Tangier International Conference for 2016: The Narrative Turn in Contemporary Theatre

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Heading the program were three keynote speeches.  The first was by Gabrielle Brandstetter, co-director of the International Research Center “Interweaving Performance Cultures” in Berlin, one of the co-organizers of the conference.  Dr. Brandstetter is one of the world’s leading authorities on contemporary dance, and her paper, “Dance and the Break of Narrative” utilized her expertise in that area of research to provide an important and original perspective on the general theme of the conference.  The second keynote was delivered by Dr. Nikolaus Müller-Schöll from the Goethe-University in Frankfurt/Main, who spoke on Post-Traumatic Theatre and considered the challenges to traditional narrative performances posed by this sort of catastrophic experience.  His central examples, Laurent Chétouane’s staging of Kleist’s Earthquake in Chile and Rabih Mroué’s Riding on a Cloud, provided powerful current examples of this dynamic.  The third keynote address was given by Dr. Stephen Barber, from Kingston University, currently a fellow at the Interweaving Performance Cultures Centre in Berlin.  He spoken on a topic closely related to that of the previous keynote, in this case, the narration of corporeal disintegration in the final works of three French artists, Patrice Chéreau, Antonin Artaud and Pierre Guyotat.

A substantial number of the papers concerned Arab theatre topics and although the majority of these were presented by scholars from Morocco, where the conference was held, the geographical range of presenters and subjects was impressive.  Among the presenters in English, Anastasia Remoudou from Qatar University spoke on two recent Arab stage adaptations (one Jordanian, one Lebanese) and one film using Greek themes to discuss the plight of Syrian women refugees.  Fran Lloyd from Kingston University in London spoke on the performance video work of Emirate artist Karima Al Shomely, who has developed a series of works based on the history and forms of the Emirati burqa.  Eman Mohammed Said Tunsi from King Abdul Aziz University in Jeddah spoken on two female stage narrative by Moroccan playwright Abdul Rahman Ben Zeydan.  Katherine Hennessey from Queen Mary University of London and the University of Warwick, who is one of the leading researchers on the Yemeni theatre, presented a paper on the construction of narrative in the contemporary theatre of that country.  Keziah Berelson, recently graduated from the University of Edinburgh spoke on the Palestinian one-woman play, The Alley, created by Samia al-Bakri, as an example of current female story-telling technique.  Lyachi El Habbouch, an independent researcher, provided a welcome look outside the modern era to consider North African professional Women entertainers in American in the nineteenth and early twentieth centuries.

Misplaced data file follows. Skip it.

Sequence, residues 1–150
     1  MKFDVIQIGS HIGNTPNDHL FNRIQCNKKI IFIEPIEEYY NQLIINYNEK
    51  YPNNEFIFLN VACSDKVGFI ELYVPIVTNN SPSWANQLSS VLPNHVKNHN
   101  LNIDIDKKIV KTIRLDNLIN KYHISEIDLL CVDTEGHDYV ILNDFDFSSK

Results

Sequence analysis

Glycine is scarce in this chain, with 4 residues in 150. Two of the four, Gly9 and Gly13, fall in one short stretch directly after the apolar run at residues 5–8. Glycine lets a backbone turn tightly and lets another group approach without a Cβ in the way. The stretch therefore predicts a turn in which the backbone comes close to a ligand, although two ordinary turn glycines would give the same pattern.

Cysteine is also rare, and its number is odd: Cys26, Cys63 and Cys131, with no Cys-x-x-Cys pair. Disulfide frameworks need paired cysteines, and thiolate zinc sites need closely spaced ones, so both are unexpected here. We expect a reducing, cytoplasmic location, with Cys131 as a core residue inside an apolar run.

Among the presenters in French, Zohra Makach from the University Ibn Zahr in Agadir, spoken on the leading Moroccan scenographer Abdelmajid Elhaouasse.  Omar Fertat  from the University Bordeaux-Montaigne, presented a paper on the recent work of the Lebanese artist Rabih Mroué.  Lahsen Tielani from the University at Skikda, Alberia, discussed narrativity in the theatre of Abdelmalek Alloula while another Algerian scholar, Khamssa Allawi, discussed narrative in Algerian literature and the Algerian theatre in general.  Said Karimi from Rachidia, Morocco discuss the work of two leading Moroccan dramatist, “Laabi” and “Benyoub” in their reaction to the repressive “Years of Lean” in that country.  Bouchra Saidi, also from Rachiia, presented a reading of Abderrahman Ben Zidane’s drama “Silence Speaks.” Two papers were devoted exclusively to the leading Moroccan dramatist Tayeb Saddiki, by the scholars Azzedine Bounit and Laziz Mohammed.  Another Morccan dramatist, Mohamed Timed, was discussed by Halima Al-Bukhari from the Educational Center of Kenitra and a general overview of narrating and performing in contemporary Moroccan theatre was offered by Mohamed Zohir, a scholar from Marrakech. Hassan Yousefi from Meknes presented an analysis of “Drunken Days” by Sa’adalah Wannous. Karma Mohamed Samy, chairman of the English Department of Ain Shams University in Cairo discussed intertextuality in a drama of Egyptian dramatists Faruk Khourchid.  Finally, Sayf Al-Din Abel-Wadood Othman, a professor from Iraq, reported on techniques of narration in the Iraqi theatre.

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